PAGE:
Theater Review: BOOP! THE BETTY BOOP MUSICAL (Pre-Broadway World Premiere at CIBC Theatre in Chicago)

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by Barnaby Hughes on December 9, 2023

in Theater-Chicago,Theater-New York


Light-hearted, rather silly, and occasionally preachy, BOOP! The Betty Boop Musical could have been so much more.

Betty Boop seems an unlikely candidate for revival considering that her fame is almost entirely confined to cartoons animated by Max Fleischer in the 1930s. Although she has gained new fans through merchandising, animated series and film projects on YouTube and DVD have failed to get off the ground. BOOP! The Betty Boop Musical takes advantage of this opening. In fact, it seems ready-made for audiences used to comic adaptations. Do we really need a musical about a cartoon character created nearly a century ago? Of course not! (But then again, did we really need a musical about cats?)

Jasmine Amy Rogers as Betty Boop
Jasmine Amy Rogers as Betty Boop with ensemble

The character of Betty Boop was a product of Jazz Age Culture, sexy, precocious and adventurous. The initial adult audience was transformed in 1934 by the introduction of the Hays Code, which enforced new obscenity rules, resulting in a more modest Betty and a younger, more juvenile audience. This dual heritage was reflected in the opening night audience in Chicago, where BOOP! opened with its sights for Broadway. Onstage at the CIBC Theatre, Betty shows cleavage, wears short dresses, and references her troubles with men, but otherwise remains clothed and refrains from profane language. The musical’s sexual references, however, make it most suitable for teens (and don’t think producers don’t know that.) In that vein, having it both ways largely succeeds — but at what cost to the show’s greater possibilities?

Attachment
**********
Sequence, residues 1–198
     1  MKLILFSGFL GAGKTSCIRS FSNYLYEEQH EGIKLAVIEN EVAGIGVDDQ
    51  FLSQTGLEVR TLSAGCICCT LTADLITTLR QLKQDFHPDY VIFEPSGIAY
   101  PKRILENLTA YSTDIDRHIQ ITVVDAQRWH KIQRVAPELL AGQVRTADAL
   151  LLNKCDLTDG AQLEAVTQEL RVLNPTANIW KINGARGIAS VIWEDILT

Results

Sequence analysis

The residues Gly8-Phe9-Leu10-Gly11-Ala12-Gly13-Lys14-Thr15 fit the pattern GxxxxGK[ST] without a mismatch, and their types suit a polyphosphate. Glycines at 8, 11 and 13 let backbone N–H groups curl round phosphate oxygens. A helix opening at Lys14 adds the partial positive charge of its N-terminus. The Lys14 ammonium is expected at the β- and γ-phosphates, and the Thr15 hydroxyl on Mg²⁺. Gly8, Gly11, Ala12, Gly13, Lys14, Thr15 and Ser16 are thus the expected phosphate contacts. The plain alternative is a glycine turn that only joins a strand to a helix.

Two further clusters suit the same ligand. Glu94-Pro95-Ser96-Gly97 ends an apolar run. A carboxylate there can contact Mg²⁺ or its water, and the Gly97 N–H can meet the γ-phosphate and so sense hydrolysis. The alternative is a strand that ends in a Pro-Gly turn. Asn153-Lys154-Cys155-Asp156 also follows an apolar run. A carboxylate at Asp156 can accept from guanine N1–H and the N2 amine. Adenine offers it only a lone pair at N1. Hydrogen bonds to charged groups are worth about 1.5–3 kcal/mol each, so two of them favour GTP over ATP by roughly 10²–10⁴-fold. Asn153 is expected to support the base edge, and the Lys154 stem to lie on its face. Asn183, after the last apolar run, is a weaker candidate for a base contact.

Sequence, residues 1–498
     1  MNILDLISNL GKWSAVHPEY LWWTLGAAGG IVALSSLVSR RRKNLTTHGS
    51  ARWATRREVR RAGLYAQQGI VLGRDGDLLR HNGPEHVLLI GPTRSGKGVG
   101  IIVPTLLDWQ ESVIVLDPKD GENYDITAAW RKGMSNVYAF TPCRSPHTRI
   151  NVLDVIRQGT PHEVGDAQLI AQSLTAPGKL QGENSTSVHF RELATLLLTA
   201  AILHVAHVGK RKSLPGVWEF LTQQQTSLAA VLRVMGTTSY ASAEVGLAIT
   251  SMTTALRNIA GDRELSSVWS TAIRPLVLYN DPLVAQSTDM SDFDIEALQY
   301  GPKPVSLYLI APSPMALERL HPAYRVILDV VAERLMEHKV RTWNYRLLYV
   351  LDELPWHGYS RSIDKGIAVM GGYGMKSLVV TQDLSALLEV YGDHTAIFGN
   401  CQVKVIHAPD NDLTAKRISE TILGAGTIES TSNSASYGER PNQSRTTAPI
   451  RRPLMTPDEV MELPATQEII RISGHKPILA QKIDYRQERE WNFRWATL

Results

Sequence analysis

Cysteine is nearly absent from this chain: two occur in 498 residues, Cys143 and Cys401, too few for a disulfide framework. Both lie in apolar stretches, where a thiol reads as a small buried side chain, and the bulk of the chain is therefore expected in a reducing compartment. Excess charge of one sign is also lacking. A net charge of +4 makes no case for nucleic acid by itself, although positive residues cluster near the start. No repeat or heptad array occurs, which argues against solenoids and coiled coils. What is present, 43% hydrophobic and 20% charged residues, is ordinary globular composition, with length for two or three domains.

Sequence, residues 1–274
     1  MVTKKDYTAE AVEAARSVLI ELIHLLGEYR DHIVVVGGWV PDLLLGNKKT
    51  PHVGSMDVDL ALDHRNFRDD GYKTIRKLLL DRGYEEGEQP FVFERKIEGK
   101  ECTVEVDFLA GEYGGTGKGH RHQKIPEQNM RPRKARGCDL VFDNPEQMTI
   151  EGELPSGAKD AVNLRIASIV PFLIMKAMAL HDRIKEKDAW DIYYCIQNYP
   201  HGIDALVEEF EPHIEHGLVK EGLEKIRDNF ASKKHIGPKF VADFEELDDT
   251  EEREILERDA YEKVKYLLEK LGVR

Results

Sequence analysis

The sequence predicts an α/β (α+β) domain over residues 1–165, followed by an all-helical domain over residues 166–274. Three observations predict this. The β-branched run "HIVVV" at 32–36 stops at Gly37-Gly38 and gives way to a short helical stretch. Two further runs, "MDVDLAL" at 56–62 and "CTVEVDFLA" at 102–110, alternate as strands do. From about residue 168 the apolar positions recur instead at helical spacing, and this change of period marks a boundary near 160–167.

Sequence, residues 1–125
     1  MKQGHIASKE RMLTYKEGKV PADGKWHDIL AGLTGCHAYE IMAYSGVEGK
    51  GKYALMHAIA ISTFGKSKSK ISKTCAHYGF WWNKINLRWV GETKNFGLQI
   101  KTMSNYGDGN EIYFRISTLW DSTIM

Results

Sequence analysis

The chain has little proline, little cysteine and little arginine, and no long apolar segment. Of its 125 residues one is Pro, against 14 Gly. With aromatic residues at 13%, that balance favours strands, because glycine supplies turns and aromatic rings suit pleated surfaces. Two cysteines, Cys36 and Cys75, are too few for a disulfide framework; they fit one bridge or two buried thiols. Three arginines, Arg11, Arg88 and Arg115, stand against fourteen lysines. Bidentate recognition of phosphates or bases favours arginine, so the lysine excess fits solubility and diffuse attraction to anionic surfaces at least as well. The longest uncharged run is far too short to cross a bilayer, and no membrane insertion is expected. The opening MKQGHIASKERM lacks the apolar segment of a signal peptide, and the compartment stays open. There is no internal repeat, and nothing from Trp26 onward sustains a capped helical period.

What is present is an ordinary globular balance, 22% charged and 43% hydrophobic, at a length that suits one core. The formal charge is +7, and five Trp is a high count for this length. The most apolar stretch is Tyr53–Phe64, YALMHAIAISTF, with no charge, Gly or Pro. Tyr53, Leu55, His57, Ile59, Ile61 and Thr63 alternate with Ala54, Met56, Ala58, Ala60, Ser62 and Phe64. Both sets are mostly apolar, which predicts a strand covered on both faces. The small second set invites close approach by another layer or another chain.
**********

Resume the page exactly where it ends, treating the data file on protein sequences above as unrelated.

Stephen DeRosa (Grampy), Jasmine Amy Rogers (Betty Boop), Phillip Huber (Pudgy)

“Who is Betty Boop?” That is the question at the center of BOOP! When a journalist asks this question of our eponymous heroine, she is plunged into an existential crisis. Traveling to present-day New York in Grampy’s time machine, Betty soon learns what she means to other people and in the process discovers herself. There are numerous subplots including: a love story between Betty and an aspiring jazz trumpeter; a mayoral election campaign involving potential corruption; and a young girl exploring her artistic talent.

(Center) Jasmine Amy Rogers (Betty Boop), Ainsley Anthony Melham (Dwayne),
(left) Erich Bergen (Raymond), Anastacia McCleskey (Carol Evans), Angelica Hale (Trisha),
(Far right) Phillip Huber (Pudgy), Faith Prince (Valentina),Stephen DeRosa (Grampy)
Anastacia McCleskey(Carol Evans) and Erich Bergen (Raymond Demarest)

What many of these subplots add up to is a deeply feminist message of female empowerment. This comes through strongest in the mayoral election. After Betty realizes that seedy, philandering villain Raymond Demarest is using her celebrity without giving her a voice, she urges his campaign manager Carol to run against him. And despite Grampy’s evident talent for invention, we learn that his old flame Valentina is the really intelligent one. She transforms his Rube Goldberg-like time traveling chair into an elegantly simple umbrella.

Jasmine Amy Rogers as Betty Boop